I know it’s been a while since I blogged last. I blame the Turks.
Anyway, I’d like to discuss the Paradox of Thrift. John Keynes says that, in bad economic times, people will keep money in their pockets, thus perpetuating the recession.
Keynesians would say spend for investments. Others would say to save money to supply loanable funds for investments.
On both sides, you are talking extremes. One says only consumption is wrong. The other says only saving is wrong. But both sides are correct in this matter.
What we want is some spending and some saving. It’s ok to buy some things on credit (a house, for example), but you do not want to be going nuts. Unnaturally low interest rates will cause this to happen.
Likewise, it’s ok to save money for future (retirement, for example). But you don’t want to put every penny you earn int your account. Unnaturally high interest rates will do this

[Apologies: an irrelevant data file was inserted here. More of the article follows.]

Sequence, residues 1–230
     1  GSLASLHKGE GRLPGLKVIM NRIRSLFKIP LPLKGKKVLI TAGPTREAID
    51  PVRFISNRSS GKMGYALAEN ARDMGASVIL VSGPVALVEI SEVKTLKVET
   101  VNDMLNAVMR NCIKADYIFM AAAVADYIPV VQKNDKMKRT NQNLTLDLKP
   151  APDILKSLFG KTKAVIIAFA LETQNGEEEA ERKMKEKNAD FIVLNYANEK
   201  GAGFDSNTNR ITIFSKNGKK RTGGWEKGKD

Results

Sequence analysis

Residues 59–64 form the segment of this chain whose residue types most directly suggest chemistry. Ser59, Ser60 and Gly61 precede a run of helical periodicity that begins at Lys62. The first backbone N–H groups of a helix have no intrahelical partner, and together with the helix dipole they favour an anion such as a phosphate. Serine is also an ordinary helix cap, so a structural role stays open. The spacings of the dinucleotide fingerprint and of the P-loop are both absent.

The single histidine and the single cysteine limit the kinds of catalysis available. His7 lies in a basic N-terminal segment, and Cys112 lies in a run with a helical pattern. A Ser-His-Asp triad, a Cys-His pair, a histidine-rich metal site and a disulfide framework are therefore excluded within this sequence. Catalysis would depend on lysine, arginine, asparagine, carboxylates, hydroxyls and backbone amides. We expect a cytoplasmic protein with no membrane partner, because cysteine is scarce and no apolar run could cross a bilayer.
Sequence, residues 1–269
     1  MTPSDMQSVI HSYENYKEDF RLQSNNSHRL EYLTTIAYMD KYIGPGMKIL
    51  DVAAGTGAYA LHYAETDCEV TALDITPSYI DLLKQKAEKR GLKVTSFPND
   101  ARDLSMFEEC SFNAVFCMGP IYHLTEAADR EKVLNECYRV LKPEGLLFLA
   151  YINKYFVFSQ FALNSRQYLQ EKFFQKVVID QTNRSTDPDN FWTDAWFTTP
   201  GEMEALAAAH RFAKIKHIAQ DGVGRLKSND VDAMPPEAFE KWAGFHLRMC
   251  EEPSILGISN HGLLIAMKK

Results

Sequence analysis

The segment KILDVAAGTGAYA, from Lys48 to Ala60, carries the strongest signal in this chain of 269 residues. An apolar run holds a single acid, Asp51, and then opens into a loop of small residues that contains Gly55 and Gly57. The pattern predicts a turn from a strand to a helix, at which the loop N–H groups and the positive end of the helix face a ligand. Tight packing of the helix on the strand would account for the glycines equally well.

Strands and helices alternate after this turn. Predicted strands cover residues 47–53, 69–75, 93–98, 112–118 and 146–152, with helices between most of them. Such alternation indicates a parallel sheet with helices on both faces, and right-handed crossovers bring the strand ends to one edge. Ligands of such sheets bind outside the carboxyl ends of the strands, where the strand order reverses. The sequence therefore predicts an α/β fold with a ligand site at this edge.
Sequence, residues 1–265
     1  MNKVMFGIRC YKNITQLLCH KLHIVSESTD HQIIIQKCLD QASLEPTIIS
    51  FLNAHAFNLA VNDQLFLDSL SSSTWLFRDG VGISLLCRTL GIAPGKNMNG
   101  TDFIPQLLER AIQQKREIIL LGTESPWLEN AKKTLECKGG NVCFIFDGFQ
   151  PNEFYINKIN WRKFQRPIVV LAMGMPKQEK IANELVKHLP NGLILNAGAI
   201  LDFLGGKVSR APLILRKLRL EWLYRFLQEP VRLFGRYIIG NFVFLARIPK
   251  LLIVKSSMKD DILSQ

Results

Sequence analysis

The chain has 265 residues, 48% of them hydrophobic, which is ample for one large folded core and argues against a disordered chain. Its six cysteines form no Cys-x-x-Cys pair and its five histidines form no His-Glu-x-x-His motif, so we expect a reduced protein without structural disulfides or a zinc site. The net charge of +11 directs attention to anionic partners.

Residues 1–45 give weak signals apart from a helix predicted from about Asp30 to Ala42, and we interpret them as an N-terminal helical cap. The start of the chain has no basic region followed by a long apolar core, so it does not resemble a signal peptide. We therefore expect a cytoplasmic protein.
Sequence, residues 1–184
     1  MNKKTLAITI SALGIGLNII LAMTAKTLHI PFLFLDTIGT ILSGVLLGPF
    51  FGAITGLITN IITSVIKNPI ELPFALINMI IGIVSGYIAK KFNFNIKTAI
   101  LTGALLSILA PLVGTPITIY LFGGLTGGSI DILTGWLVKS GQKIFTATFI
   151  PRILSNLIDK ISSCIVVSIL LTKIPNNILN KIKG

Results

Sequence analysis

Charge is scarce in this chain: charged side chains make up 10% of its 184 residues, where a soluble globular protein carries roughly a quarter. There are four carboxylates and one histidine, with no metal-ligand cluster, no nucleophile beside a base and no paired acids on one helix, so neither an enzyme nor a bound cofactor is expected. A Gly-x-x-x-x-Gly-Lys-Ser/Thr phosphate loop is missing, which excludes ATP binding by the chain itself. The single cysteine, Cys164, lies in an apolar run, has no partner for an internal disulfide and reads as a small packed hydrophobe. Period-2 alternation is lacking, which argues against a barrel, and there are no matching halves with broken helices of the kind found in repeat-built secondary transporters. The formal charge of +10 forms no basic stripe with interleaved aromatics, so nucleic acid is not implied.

There is a way to reach the desired equilibrium of spending and savings. Just as prices coordinate supply and demand, interest rates coordinate savings and consumption (loanable funds and investment). If we allow interest rates to naturally develop in the same manner prices naturally develop, we can reach a level of savings and spending where the economy can grow. If we continue to try and manipulate interest rates, we will continue to see bubble after bubble, like the Tech Bubble (savings bubble), the Housing Bubble (spending bubble) or the soon-to-be Higher Education bubble (spending again).